Steen Karsbo is vice-president of business development for aftermarket services provider Satair.
What ignited your interest in aviation?
The easy answer is that my Dad was in the Danish Air Force, and this led to the job I have today. Actually it is less romantic. I started in Satair by coincidence in 1980 after leaving a boring job as a bank trainee. Satair breathed aviation totally and I caught the bug early on. It was extremely contagious and we had some really strong pioneers in the business.
What have been the highlights of your career?
There are three highlights. The formation of the product management function in the 1990s has led to a business that I lead, and which today employs more than 70 people all across the world. This was followed by developing a strong reporting system, allowing us to manage the business in great detail and which is highly appreciated by our OEM partners. Thirdly, the Airbus acquisition of Satair in 2011 led to a good price/share and some very happy shareholders. We found the perfect home for our company and for our employees, and the growth and opportunities created since then have been remarkable.
When I joined the company in 1980, we roughly turned over $7 million a year. That today equates to less than two days of sales for Satair. I sometimes wish our founding chief executive was still around to see how his initial idea developed into this very impressive company.
Tell us about the aftermarket activities at Satair?
Satair is a $1.8 billion turnover company with 1,300 employees, operating from 10 locations worldwide. A key integrated part of the Services by Airbus business unit, Satair has exclusive or primary distribution arrangements for aerospace component manufacturers, and supplies the parts to multi-fleet customer airlines and MROs. It also fulfils the material service support obligation for the in-service fleet of over 7,000 Airbus aircraft. Satair provides logistics, inventory and battery maintenance services up to full-scale outsourcing solutions like Integrated Material Services, where the entire material management for consumables and expendables is subcontracted to Satair. Satair offers such solutions across the entire value chain, connecting both ends of the aerospace aftermarket – from OEMs to airlines and MROs.
Tell us about your role?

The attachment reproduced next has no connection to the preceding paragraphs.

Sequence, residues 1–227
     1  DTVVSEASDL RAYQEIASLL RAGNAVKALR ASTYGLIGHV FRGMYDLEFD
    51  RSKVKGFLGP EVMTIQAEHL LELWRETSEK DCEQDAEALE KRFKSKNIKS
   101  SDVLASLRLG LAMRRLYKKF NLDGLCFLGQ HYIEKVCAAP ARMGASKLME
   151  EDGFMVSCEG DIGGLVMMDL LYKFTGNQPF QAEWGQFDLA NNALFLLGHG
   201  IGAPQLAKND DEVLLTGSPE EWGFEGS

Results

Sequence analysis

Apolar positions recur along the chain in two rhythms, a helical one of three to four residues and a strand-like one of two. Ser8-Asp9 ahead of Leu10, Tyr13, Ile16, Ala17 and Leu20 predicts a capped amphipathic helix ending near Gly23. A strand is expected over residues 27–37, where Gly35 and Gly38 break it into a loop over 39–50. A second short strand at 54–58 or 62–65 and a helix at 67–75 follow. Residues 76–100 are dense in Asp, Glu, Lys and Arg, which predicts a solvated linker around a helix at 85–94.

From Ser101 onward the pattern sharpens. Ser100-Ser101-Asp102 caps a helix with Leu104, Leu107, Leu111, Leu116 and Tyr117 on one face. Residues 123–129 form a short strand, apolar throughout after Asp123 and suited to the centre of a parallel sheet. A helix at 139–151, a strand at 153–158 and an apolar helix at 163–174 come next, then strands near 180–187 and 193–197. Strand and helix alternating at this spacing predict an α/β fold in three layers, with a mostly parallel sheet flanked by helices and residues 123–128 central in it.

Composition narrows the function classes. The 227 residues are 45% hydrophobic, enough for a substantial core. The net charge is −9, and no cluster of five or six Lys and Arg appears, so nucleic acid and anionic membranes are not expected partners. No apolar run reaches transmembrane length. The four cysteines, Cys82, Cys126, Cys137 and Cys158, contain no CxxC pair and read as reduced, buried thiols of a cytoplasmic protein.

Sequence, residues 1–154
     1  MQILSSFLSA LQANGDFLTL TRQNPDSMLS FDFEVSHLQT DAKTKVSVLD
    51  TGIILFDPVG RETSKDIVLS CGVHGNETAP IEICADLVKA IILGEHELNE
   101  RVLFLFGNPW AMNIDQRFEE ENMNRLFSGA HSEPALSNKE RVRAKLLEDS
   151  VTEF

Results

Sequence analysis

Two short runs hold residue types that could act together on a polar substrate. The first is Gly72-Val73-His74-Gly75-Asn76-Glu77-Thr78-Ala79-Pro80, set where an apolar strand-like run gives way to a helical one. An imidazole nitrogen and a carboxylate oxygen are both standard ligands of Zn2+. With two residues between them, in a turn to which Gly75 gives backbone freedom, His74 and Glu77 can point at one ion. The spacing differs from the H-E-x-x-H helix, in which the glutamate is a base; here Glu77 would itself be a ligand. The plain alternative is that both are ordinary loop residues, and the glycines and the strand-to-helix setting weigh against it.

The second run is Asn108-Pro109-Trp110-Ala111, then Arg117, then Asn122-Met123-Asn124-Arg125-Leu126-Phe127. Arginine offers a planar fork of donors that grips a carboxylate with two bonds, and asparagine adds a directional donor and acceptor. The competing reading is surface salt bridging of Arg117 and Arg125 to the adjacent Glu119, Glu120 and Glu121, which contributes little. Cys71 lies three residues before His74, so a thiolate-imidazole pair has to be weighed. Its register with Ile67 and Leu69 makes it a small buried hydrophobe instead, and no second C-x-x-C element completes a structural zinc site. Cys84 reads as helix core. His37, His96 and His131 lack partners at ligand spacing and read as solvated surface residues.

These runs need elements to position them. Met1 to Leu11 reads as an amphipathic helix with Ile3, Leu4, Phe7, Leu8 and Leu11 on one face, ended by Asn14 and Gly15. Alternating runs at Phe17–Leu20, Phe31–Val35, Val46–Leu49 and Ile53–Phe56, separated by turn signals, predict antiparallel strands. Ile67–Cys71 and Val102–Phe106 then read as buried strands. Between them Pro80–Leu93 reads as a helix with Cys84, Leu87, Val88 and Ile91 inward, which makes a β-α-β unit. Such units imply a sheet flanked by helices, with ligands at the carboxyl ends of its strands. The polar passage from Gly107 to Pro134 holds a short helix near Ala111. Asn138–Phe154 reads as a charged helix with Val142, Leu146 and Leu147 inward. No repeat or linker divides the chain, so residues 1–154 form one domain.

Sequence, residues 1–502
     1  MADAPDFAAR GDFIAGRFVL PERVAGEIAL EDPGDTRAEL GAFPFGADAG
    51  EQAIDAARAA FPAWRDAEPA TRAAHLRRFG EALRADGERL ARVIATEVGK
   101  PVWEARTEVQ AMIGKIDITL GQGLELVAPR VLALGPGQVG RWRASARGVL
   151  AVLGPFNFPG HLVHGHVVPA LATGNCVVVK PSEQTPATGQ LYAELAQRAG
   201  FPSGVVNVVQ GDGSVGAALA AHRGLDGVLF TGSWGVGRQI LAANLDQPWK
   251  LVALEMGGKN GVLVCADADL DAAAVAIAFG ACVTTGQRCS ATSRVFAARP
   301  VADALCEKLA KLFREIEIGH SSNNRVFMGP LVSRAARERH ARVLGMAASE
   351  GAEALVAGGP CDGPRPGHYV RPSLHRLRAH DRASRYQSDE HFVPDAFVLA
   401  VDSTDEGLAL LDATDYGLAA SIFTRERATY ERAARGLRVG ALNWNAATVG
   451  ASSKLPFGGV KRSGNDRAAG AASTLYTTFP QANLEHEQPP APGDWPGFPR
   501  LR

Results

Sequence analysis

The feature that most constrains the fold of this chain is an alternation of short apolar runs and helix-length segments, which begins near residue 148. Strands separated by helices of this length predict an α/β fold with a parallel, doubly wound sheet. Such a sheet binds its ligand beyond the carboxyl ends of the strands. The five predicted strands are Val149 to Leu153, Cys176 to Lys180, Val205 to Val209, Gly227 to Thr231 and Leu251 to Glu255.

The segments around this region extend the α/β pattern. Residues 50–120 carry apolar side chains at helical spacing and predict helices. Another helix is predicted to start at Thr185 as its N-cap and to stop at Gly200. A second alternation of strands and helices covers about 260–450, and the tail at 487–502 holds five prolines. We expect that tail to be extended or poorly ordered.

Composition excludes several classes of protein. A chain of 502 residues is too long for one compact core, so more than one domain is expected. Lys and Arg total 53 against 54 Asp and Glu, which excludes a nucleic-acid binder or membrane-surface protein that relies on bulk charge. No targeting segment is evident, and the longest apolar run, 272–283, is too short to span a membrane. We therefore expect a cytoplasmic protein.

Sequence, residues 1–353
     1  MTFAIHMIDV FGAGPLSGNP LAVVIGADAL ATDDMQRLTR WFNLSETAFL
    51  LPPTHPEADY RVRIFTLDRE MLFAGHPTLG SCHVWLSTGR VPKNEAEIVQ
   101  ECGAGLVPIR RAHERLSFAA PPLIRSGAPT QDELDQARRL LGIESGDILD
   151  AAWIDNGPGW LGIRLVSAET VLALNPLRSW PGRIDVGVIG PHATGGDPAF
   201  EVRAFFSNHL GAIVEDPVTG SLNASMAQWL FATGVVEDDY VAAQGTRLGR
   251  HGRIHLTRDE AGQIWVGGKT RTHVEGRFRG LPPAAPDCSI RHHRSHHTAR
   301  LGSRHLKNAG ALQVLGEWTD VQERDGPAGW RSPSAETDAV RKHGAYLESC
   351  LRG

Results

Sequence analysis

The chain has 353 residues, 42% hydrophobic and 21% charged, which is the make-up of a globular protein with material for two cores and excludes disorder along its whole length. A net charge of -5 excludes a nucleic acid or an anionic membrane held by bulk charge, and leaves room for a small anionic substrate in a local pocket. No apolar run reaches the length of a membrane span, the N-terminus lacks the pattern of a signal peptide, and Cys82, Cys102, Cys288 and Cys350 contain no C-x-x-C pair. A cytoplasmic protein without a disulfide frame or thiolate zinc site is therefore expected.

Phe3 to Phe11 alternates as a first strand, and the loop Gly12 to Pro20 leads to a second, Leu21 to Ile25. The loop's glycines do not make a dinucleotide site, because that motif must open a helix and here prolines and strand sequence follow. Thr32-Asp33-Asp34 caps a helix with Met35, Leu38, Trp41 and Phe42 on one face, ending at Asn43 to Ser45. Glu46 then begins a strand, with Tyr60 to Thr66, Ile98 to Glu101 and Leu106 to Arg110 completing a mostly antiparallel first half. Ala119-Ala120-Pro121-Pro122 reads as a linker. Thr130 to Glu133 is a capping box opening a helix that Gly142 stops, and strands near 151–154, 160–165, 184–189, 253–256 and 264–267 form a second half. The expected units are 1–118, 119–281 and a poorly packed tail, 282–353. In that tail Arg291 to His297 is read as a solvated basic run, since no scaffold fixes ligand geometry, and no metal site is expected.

As vice-president of business development, I work to attract new OEM partners to us and to convince existing OEM partners to further expand their relationship with us. My team is also involved in Airbus aftermarket developments. I am blessed with a very knowledgeable and experienced team. Recently, we have expanded our role to new segments including: nacelles (Safran), thrust reversers (Pratt& Whitney), actuation systems (UTAS) and ADS-B upgrade (Honeywell).
What are your challenges?
My biggest challenge is that things do take time from start to closure, and I have close to no patience with lengthy processes. Start to finish of a business development project can be three months for the really quick ones, and up to 18-20 months for those that require a lot of persuasive talking and negotiations. But it takes two to tango, so I have to accept this way of operating.
Satair is celebrating its 60th anniversary – what have been the big highlights?
Having been part of this for 38 years, with so many highlights, I think the three major events were: the decision, in the late 1980s/early 90s, to change the company focus from surplus/excess/used parts and to concentrate on signing contracts with OEMs. This was considered very fancy back then: business process re-engineering, or BPR. Secondly, the decision to take Satair public in 1997 changed our way of focusing and reporting and meant we spent more time with investors and major shareholders. It also increased our professionalism overall, and in hindsight this eventually made us interesting to Airbus.
Finally, the Airbus acquisition and the consequences this has had for many parts of our business. We have had tremendous access to new business opportunities and Satair is now a support cornerstone for the Airbus global fleet of aircraft.
How has the company changed since the acquisition by Airbus in 2011?
One change was the way we reported our business. Prior to the acquisition we reported to the stock market; a week later we reported to a new governance structure, naturally anchored in Toulouse. But something important that has been pretty stable from day one has been Airbus senior management's strong support for the continued autonomy of Satair, protecting the agility and the DNA of an extremely focused aftermarket organisation. This is not always easy inside such a huge organisation, but we have been able to uphold the old spirit of Satair. This makes me immensely proud, of course.
What are the next big trends in the aviation aftermarket?
The biggest trend right now is the two big airframers, Airbus and Boeing, wanting to take a larger part of the aftermarket. My expectation is that in the mid to late 2020s we will see a completely new model in place. Whether such a new model will be disruptive through new "outsiders" coming in, we shall have to wait and see – I am still waiting to see something really substantial here.